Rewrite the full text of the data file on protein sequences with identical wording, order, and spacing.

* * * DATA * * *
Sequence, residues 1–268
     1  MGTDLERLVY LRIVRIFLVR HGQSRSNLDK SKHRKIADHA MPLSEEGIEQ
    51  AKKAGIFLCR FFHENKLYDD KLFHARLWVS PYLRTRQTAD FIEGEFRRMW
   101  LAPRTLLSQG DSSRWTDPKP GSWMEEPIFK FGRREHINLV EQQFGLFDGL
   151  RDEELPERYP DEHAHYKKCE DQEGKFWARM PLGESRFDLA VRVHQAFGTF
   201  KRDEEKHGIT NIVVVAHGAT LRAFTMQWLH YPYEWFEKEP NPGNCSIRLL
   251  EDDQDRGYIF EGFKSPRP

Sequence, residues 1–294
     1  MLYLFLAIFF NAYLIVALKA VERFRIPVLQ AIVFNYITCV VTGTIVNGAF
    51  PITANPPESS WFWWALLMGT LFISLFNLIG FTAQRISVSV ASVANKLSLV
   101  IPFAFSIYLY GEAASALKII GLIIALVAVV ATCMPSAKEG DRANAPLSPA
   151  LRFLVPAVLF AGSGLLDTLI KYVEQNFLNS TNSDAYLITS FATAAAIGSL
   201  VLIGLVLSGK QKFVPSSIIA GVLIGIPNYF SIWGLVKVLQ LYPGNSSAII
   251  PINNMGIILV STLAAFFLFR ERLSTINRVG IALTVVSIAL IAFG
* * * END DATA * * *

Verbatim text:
Sequence, residues 1–268
     1  MGTDLERLVY LRIVRIFLVR HGQSRSNLDK SKHRKIADHA MPLSEEGIEQ
    51  AKKAGIFLCR FFHENKLYDD KLFHARLWVS PYLRTRQTAD FIEGEFRRMW
   101  LAPRTLLSQG DSSRWTDPKP GSWMEEPIFK FGRREHINLV EQQFGLFDGL
   151  RDEELPERYP DEHAHYKKCE DQEGKFWARM PLGESRFDLA VRVHQAFGTF
   201  KRDEEKHGIT NIVVVAHGAT LRAFTMQWLH YPYEWFEKEP NPGNCSIRLL
   251  EDDQDRGYIF EGFKSPRP

Sequence, residues 1–294
     1  MLYLFLAIFF NAYLIVALKA VERFRIPVLQ AIVFNYITCV VTGTIVNGAF
    51  PITANPPESS WFWWALLMGT LFISLFNLIG FTAQRISVSV ASVANKLSLV
   101  IPFAFSIYLY GEAASALKII GLIIALVAVV ATCMPSAKEG DRANAPLSPA
   151  LRFLVPAVLF AGSGLLDTLI KYVEQNFLNS TNSDAYLITS FATAAAIGSL
   201  VLIGLVLSGK QKFVPSSIIA GVLIGIPNYF SIWGLVKVLQ LYPGNSSAII
   251  PINNMGIILV STLAAFFLFR ERLSTINRVG IALTVVSIAL IAFG